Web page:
After recognizing the inevitability that Big Data open repositories will become the standard mechanisms for storing IT management data, ExtraHop Networks today announced Open Data Stream offerings for both MongoDB and Elasticsearch.
Erik Giesa, senior vice president of marketing and business development for ExtraHop, says that instead of storing IT data in a proprietary database, the time has come to leverage open database formats that will make it simpler for IT organizations to compare and contrast data regardless of the class of IT management tool used to generate it.
Via a common data format, data repositories such as MongoDB and Elasticsearch will allow IT organizations to compare data generated by database management tools alongside data generated by network management tools in order to identify patterns and trends that previously were not as accessible. In addition, Giesa says that in the future, these data repositories will make it easier to compare IT events to the actual impact on customers by, for example, explicitly defining the relationship between website performance and actual customer sales.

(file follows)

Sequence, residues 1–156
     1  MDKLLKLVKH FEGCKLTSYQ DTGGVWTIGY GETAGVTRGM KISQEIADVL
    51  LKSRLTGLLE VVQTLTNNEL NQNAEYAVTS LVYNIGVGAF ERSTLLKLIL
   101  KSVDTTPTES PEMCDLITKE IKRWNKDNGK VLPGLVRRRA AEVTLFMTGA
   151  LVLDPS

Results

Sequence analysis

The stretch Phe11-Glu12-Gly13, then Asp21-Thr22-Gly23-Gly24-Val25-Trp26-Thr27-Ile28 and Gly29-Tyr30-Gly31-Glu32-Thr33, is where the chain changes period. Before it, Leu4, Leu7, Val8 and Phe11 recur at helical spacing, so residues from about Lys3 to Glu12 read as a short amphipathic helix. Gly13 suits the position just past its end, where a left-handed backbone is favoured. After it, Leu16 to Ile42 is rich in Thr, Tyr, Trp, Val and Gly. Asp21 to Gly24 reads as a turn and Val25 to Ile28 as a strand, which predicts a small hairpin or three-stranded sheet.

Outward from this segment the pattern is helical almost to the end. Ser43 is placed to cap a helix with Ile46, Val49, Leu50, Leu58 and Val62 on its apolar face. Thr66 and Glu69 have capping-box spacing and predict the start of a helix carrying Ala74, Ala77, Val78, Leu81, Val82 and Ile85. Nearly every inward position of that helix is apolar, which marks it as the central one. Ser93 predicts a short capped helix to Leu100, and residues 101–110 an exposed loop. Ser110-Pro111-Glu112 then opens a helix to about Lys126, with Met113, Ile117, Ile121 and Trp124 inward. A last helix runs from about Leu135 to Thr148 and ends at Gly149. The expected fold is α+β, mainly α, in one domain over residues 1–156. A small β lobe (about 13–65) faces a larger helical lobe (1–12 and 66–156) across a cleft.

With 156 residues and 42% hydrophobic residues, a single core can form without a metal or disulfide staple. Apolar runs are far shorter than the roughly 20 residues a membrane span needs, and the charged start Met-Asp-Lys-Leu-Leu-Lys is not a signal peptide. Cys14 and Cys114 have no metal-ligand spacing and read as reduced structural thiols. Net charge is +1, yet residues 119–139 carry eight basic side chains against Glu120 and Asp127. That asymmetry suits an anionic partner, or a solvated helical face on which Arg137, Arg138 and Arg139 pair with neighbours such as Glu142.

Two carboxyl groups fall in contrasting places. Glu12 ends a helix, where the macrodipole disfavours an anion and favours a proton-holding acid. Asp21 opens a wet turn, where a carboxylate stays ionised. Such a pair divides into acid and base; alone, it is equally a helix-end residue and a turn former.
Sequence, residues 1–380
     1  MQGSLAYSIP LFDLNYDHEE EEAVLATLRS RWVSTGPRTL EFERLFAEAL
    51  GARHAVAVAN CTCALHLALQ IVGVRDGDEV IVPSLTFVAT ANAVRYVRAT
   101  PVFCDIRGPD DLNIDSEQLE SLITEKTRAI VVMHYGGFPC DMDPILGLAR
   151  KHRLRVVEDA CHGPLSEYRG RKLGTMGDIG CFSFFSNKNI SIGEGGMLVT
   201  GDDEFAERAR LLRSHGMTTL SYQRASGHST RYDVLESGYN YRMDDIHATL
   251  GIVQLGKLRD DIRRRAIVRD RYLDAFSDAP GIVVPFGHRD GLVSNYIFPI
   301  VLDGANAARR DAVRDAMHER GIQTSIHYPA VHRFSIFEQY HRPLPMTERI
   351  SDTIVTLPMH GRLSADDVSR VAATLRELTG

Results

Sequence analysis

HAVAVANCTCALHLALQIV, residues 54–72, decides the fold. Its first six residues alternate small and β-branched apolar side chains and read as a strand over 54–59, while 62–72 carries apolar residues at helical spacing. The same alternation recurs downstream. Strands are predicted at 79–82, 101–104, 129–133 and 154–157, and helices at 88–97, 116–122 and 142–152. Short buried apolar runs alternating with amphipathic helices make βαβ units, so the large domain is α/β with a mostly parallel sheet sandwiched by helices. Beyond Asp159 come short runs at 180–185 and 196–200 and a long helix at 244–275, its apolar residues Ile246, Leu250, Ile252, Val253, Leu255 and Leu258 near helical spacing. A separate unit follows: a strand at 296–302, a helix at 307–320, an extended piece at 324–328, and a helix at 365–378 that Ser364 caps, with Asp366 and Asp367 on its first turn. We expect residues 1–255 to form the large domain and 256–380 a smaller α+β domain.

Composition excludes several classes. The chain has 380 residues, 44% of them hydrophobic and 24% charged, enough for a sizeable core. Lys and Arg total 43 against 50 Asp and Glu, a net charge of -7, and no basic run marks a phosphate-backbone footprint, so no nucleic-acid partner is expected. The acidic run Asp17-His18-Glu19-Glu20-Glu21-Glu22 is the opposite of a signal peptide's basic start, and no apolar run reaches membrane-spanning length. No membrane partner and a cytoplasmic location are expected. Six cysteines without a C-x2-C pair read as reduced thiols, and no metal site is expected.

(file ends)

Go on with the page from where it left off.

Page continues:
Giesa says that with this announcement, ExtraHop Networks, which collects network management data at wire speeds, is inviting the rest of the IT management industry to participate in an open IT analytics architecture that is inevitable. IT organizations of all sizes have discovered that they can pour data into Big Data repositories where all the raw data they collect from their systems can be more easily analyzed. Rather than continuing to promulgate proprietary formats that create silos of IT data, Giesa says the time has come to employ Big Data to improve IT operations.
By making the data they collect more accessible and easily shared either using Big Data repositories or some other common container format, IT organizations will eliminate the silos of IT management that do more to serve the interest of IT vendors than the IT organizations. The degree to which IT management vendors comply with that inevitability will vary. But the one thing that is for certain is that it’s only a matter of time before IT organizations start switching out proprietary management tools in favor of ones that inherently provide more business and IT value.